Central Kitsap Reporter


Bremerton, Silverdale heroes honored by Red Cross

May 4, 2013 · Updated 10:51 AM

The American Red Cross has honored 11 heroes from the west Puget Sound region for their dedication to saving others.

The honorees from the Kitsap and Olympic peninsulas were recognized at a special Heroes Breakfast Thursday at the Kitsap Conference Center in Bremerton.

Among the honorees are several people from Bremerton and Silverdale.

Bremerton resident Kevin Koski volunteers as an Olympic Mountain Rescue team member. He was honored with the Commitment to Community Award “for his dedication to emergency response.”

Unlike most of the other honorees at the event, Koski’s award doesn’t come for one specific act of heroism, but many. He has been volunteering as a mountain rescuer for four years.

Koski worked on eight missions last year in the Olympic and Cascade mountain ranges. He was involved in the rescue of missing skiers on Mt. Rainer last January.

When 69-year-old Albert Filosa went missing near Mt. Baker last August, Koski and  a partner were the ones who located him three days later.

“It’s really a team effort,” Koski said. “It’s not just one person in our situation going out and finding these people.”

Two sixth-graders from Mountain View Middle School in Bremerton, Seth Hanson and Ashton Topness, received the Youth Heroes Award for taking control of their school bus when the bus driver suffered from a gall bladder attack mid-transit.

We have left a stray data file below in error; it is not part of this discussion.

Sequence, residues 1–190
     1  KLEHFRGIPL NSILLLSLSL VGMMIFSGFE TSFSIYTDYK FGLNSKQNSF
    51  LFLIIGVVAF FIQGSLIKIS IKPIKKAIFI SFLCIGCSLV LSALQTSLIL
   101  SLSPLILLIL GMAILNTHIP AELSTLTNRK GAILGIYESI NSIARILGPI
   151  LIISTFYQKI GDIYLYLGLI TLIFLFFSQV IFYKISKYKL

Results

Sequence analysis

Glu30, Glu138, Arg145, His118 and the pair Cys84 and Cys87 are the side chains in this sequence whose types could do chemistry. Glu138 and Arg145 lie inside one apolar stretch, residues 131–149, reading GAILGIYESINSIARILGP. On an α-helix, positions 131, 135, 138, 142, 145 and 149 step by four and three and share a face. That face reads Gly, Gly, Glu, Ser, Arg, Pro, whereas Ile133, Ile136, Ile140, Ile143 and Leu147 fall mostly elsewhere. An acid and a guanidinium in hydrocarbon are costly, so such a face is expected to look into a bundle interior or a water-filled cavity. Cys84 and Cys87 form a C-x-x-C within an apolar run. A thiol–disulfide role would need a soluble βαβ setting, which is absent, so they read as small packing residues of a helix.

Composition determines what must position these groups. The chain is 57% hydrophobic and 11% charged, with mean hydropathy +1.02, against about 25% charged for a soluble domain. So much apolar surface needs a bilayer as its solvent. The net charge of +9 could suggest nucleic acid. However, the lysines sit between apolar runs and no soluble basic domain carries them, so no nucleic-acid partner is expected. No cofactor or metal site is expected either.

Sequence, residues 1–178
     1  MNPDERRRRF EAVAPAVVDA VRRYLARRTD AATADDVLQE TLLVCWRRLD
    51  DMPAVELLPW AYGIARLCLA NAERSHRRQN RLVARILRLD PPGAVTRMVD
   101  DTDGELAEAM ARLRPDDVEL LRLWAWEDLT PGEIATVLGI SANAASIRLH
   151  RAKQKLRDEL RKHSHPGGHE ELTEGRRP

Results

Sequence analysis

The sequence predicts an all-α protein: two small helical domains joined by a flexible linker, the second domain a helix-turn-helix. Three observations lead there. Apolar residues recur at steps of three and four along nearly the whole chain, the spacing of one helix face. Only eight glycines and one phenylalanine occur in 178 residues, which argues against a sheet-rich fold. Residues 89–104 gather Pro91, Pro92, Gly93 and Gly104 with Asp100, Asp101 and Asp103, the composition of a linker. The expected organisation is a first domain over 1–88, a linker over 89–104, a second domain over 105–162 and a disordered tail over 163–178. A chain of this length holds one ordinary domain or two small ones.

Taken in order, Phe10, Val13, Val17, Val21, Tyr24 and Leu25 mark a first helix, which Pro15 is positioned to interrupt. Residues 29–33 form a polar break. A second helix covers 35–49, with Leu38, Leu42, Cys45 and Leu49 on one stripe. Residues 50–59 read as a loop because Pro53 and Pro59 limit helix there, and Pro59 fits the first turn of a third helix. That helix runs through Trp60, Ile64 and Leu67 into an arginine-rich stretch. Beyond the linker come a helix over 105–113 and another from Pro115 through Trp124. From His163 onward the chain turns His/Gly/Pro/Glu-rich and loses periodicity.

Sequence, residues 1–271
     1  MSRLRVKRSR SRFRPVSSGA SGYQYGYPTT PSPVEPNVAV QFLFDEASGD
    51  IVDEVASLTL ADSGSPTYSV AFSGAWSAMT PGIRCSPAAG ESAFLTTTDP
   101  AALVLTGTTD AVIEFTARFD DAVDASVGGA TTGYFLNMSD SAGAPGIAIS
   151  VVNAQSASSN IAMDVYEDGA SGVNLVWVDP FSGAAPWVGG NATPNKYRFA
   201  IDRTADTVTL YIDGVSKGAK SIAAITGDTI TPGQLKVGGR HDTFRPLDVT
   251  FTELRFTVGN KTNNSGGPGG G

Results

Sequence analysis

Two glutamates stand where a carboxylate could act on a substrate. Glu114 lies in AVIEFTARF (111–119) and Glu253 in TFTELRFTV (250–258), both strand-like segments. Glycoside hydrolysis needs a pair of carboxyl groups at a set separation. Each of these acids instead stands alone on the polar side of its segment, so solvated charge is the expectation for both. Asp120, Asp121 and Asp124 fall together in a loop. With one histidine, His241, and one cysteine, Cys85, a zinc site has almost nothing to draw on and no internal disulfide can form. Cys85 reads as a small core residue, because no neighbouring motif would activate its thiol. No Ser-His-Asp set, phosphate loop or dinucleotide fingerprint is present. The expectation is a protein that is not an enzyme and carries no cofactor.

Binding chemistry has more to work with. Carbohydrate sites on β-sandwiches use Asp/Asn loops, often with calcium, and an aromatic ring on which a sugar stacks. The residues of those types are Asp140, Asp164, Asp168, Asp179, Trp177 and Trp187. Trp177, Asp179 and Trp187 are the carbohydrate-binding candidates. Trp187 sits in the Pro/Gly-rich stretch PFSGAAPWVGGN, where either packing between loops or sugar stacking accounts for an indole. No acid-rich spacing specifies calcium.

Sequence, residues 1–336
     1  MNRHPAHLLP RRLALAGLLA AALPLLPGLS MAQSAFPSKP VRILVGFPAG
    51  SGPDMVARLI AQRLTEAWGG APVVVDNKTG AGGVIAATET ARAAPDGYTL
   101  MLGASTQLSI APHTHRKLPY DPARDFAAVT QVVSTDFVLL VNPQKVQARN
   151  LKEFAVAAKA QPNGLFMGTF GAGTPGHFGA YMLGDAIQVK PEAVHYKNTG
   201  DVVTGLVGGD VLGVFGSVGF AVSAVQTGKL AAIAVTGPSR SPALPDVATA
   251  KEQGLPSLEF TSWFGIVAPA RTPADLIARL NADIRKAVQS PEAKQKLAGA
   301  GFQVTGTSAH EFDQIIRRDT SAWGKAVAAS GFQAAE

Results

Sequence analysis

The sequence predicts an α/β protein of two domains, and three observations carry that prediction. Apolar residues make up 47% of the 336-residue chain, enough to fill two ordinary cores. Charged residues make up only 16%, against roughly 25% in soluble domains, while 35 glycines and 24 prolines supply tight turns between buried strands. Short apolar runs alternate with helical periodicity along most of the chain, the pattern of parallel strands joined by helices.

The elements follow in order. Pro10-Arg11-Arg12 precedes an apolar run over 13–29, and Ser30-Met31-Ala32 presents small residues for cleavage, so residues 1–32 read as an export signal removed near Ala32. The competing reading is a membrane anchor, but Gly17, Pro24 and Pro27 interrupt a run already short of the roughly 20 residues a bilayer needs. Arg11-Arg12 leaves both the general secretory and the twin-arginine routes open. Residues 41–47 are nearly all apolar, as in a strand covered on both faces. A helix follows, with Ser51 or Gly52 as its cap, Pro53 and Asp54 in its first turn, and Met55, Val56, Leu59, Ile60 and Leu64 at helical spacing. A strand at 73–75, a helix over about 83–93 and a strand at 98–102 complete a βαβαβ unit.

Armin Jahr Elementary School teacher Natalie Poss received the Call to Action Award for providing first aid to a student who was accidentally shot in her classroom.

Poss applied direct pressure to 8-year-old Amina Bowman’s gunshot wound and kept the student conscious until medical personnel arrived.

Daryl Matheny, general manager of Gold Mountain Golf Course received the Medical Rescue Award for utilizing an Automated External Defibrillator to help save two men’s lives.

Corpsmen Patrick Barrantes, Blake Hite and Binod Gurung received the Military Heroes Award for performing CPR on a man at Olympic Sports and Soccer Center until paramedics arrived.

Koski said there are more ways to get involved than saving people.

“If they haven’t thought about volunteering before, whatever it is, find what they’re passionate about,” Koski said, “whether it’s church stuff or community stuff … pulling weeds, cleaning up parks … it makes life more fulfilling.”


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